Manny’s* younger brother is worried about his future.
An architecture student in his final semester of college, Manny was recently approved for his Deferred Action for Childhood Arrivals (DACA) renewal; however, he is uncertain of what will happen once his protection expires.
“When Trump got sworn in, my mom said my brother started crying,” Manny says. “He said, ‘what’s going to happen to Manny?’ It really touched me.”
“He shouldn’t have to worry about this, you know; he’s 17. In high school you should be worried about prom and playing football, and he’s worried about whether or not I’m going to be here five years from now. So it’s tough.”
Manny’s boss is worried too.
“Even now at work, my boss knows I’m undocumented,” he says. “I just renewed so my [work] permit expires in 2019 but then he asked, ‘What happens then?’ I’m like, ‘I don’t know.’”
Manny says a clean Dream Act, which would provide a permanent solution for DACA recipients, would help him not worry so much.
“I think they [Congress] know it’s urgent, but at the same time I think a lot of them don’t care. And the ones that care, there is not enough of them.”
Living with a secret
The debate between Congress and the White House over the future of Dreamers like Manny dominates headlines, with the escalating vitriol and racism leaving many Americans aghast. But Manny, like many immigrants, has dealt with racism ever since his family moved to the United States.
He was four years old when his family moved to Chicago from Mexico.
“We moved around a lot but it was mostly the northwest side of Chicago. I was living in Humboldt Park in the late nineties and early 2000’s, and it was a war zone. There were shootings every night, crazy stuff going on. Around the time my brother was born I was outside with my friends and we witnessed a shooting. After that, my mom and my dad were like, ‘we need to get out of here.’
“So we moved to a smaller town.”
Once the family left Chicago, he faced other struggles.
“I didn’t really know what it was to be undocumented until I got to that small town,” he says. “There were only six Latinos in my school. I remember the first day there I got off the bus and this kid kicked me off the seat and called me a ‘beaner.’”
Manny says xenophobic remarks from the White House and other lawmakers have emboldened some of his former classmates to pass judgements on immigrants based on race.
“Not many of the people I went to high school with know that I’m undocumented, only my close friends. Some of the people, they’ll start getting into heated debates on Facebook and stuff. One time I decided to chime in and they were like, ‘We’re not talking about you, Manny, you’re cool,' and I’m like, ‘No – but I’m undocumented.”
His classmates’ response: “But you’re so smart.”
He simply informed them, “That has nothing to do with it.”
Listen to Manny describe his family’s move to the United States
Hope in the face of hate
Now as Congress and the White House argue over which immigrants deserve to obtain status in the United States, everything Manny worked for under DACA is on the line, including his sense of security. After graduating in the top five percent of his high school class, Manny moved back to Chicago and worked his way through an associate’s degree program at Truman College. He thought his associate’s degree would be the end of his education since he couldn't apply to many four-year colleges without a social security number. It was at that time, however, that DACA was passed and Manny saw an opportunity to pursue his dream. Manny contacted NIJC, filled out the application and was approved.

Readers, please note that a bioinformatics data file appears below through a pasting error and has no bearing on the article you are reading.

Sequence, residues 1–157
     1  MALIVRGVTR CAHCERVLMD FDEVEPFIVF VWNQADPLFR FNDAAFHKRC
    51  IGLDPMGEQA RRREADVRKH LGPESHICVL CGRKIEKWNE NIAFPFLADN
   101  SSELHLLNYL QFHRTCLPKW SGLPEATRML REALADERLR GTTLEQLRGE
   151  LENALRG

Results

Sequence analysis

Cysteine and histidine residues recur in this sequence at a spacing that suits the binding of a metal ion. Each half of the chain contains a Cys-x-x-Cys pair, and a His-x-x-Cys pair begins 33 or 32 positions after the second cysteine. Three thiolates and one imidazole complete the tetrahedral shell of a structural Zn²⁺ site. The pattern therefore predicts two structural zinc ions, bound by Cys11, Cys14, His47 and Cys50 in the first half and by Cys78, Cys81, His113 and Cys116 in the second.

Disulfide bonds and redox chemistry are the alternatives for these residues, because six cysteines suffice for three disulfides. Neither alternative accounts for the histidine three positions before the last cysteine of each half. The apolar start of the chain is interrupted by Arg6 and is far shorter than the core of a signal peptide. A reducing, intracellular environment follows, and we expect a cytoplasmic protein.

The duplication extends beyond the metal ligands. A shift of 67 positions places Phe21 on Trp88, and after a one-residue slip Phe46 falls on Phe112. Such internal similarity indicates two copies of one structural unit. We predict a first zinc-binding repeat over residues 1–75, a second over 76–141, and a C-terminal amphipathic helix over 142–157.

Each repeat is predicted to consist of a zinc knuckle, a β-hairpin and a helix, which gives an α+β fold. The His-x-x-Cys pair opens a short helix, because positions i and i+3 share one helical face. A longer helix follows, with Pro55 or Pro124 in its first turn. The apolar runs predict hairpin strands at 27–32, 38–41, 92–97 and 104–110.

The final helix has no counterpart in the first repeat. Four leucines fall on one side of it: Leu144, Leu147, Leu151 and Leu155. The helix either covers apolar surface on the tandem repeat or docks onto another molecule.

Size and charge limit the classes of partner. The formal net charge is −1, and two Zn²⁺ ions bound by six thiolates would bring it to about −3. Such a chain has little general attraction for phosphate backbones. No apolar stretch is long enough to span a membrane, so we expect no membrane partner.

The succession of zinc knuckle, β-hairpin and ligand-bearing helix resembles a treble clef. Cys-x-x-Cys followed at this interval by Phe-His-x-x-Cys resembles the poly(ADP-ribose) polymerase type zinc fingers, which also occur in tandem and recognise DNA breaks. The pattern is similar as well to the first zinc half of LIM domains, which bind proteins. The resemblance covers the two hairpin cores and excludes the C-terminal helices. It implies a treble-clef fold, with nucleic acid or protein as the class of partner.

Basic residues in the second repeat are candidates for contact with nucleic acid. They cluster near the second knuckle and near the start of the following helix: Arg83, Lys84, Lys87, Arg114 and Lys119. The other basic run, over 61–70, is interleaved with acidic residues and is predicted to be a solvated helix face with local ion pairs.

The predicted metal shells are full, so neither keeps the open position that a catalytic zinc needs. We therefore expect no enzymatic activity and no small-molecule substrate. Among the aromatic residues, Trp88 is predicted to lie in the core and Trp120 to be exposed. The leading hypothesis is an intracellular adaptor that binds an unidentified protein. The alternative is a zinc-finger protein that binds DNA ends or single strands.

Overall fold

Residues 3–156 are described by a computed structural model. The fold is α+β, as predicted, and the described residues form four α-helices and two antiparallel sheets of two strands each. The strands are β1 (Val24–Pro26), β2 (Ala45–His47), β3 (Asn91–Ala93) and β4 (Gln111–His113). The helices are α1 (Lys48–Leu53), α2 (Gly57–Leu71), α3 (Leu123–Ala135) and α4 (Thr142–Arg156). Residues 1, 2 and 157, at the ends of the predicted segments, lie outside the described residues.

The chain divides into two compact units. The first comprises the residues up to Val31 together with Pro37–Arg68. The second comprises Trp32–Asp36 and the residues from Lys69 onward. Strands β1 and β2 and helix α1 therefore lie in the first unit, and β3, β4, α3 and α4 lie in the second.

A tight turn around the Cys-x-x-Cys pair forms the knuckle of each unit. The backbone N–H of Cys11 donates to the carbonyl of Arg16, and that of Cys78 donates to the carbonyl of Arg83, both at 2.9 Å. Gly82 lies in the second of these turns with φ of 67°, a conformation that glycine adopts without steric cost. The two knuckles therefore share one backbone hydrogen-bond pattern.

After he was granted DACA, he got a social security number and work permit that allowed him to apply for scholarships and jobs so he could pay for a four-year degree. In the spring of 2018 he will graduate with his bachelor’s degree in architecture. Because of the current immigrant debates Manny says he doesn’t know if his future is in this country, but no matter where he goes, he wants to make a positive impact.
“Seeing the way people live, the shortage of housing, how people in other countries live, I would really like to get into developing housing for people in need. The fact that I can do it with a pencil and help somebody out, that is very interesting to me.
“I want to help, I want to make a difference. I don’t know how and I don’t know if I can but I would really like to leave my mark on the world somehow. What’s the only thing left from previous civilizations? The ruins of the architecture. So maybe I can leave something cool, thousands of years down the line.
“When I was younger I was a little more selfish and I was all about having cool clothes and being a cool kid but then I started realizing it wasn’t about me. The older I got I realized it’s not about you, we are one. I feel like if more people start thinking that way, all our problems will be solved.”
We hope that Congress, the president, and any Americans still undecided about whether Dreamers deserve to remain in our communities take heed of Manny’s wisdom.
*Manny's name has been changed to protect his privacy
Isabel S. Dieppa is the communications coordinator at the National Immigrant Justice Center.
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